“I should go help him.” Kate noted a habitual surge of guilt and indecision as soon as the words left her mouth. She tracked his weary progress to the top of the hill before turning back to her easel, but the room had grown cold and the blank canvas confronted her like an accusation. Surrendering, she crossed the floor at a trot, pulled the door shut on the ascetic chill of the artist’s garret, and fled down to the more hospitable domain of the innkeeper.

The temperature rose as she descended to the first floor but Kate’s mood remained low. The Rembrandt Inn was just starting the second month of its annual two-month closure, and an inn on hiatus projected a forlorn emptiness that didn’t exist in one simply waiting for its next guests. She went looking for comfort in the kitchen and found while she’d been moping, her chef—with sleeves rolled up under a blue tartan jumper—had been making more productive use of the day.

Abigail Perini had transferred the entire contents of the spice cupboard to the stainless steel prep counter and was scouring the shelves as though they’d never been washed before. She turned at Kate’s entrance, her plump face warm and red, and pushed aside the graying brown hair escaping from an improvised bun.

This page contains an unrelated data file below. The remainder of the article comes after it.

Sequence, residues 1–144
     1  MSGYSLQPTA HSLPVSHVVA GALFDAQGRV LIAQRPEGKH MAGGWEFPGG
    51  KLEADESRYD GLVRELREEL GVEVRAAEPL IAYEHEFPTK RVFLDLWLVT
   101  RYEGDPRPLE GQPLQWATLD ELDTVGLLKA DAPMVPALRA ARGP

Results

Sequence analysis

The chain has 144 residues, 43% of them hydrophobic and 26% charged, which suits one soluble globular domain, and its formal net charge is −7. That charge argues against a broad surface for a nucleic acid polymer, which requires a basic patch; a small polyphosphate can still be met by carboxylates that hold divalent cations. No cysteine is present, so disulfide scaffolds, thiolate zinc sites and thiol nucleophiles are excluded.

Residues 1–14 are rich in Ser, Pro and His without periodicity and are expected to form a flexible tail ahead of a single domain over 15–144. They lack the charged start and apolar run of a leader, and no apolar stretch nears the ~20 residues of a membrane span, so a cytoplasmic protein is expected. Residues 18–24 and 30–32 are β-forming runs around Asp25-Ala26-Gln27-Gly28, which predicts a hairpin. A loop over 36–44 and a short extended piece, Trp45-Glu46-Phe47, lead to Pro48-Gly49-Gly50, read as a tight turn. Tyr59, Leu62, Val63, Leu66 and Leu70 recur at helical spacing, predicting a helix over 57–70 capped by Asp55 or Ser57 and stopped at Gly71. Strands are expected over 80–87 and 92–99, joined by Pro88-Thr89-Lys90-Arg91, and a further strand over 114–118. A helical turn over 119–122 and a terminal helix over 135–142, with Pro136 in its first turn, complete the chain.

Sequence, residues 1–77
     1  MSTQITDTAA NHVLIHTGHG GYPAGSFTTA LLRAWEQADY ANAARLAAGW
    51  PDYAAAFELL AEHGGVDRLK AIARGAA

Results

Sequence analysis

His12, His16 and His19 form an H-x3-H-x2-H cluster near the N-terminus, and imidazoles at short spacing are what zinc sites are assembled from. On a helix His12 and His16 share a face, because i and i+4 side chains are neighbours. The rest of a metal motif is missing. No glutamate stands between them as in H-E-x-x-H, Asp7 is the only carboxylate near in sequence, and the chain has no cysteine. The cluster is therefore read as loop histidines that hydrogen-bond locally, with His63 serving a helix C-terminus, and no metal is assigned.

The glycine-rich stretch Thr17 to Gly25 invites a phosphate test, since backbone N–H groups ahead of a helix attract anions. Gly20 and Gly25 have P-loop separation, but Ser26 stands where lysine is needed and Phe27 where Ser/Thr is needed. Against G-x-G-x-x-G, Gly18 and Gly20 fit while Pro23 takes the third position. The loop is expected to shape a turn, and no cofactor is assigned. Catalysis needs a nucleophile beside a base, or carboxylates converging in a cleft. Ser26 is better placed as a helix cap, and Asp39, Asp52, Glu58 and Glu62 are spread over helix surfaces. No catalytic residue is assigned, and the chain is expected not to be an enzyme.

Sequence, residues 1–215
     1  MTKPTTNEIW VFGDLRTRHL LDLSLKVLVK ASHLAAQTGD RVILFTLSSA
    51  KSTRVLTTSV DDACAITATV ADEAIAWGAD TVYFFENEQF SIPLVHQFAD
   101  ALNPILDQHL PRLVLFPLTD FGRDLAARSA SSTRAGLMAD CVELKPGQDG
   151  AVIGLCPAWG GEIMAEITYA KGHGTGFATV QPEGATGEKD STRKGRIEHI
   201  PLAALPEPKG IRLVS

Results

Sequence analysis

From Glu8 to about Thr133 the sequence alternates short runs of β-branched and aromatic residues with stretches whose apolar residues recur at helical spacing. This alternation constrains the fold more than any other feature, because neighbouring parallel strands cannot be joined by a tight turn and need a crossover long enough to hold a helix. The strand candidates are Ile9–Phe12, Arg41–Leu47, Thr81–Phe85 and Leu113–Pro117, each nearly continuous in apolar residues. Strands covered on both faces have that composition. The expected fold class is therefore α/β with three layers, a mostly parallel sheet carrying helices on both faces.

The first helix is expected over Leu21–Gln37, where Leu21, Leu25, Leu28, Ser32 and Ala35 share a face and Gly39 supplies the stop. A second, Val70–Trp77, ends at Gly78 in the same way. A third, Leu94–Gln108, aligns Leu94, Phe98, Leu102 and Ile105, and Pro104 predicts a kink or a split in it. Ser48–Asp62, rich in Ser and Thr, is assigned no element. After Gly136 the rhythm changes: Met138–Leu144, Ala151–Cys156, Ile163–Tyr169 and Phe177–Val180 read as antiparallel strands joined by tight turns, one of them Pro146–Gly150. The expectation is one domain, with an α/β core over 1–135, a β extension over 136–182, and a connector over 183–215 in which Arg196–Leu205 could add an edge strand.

“You’re in a mood,” she observed and went back to her shelves, transparently confident in her analysis. “Have you been painting?”

“By which you mean ‘not’ painting. No, I didn’t really try today. It isn’t that. It’s the weather.”

Her chef responded with a guttural croak that conveyed a wealth of meaning, and Kate glared at her broad sturdy back. “A ‘harrumph?’ Why a ‘harrumph?’ You don’t think I can be in an ugly mood about the weather?”

Abigail glanced back, offering a peacemaking smile. “Ugly moods are few and far between where you’re concerned, sweetie. I’d say you’re entitled to one. Anyway, cheer up. Supposed to hit sixty tomorrow and then rain like hell later this week. Have you got a check ready for Jared? I just saw him on his way to the barn.”

“I saw him, too. Maybe I should take over again for a few weeks.”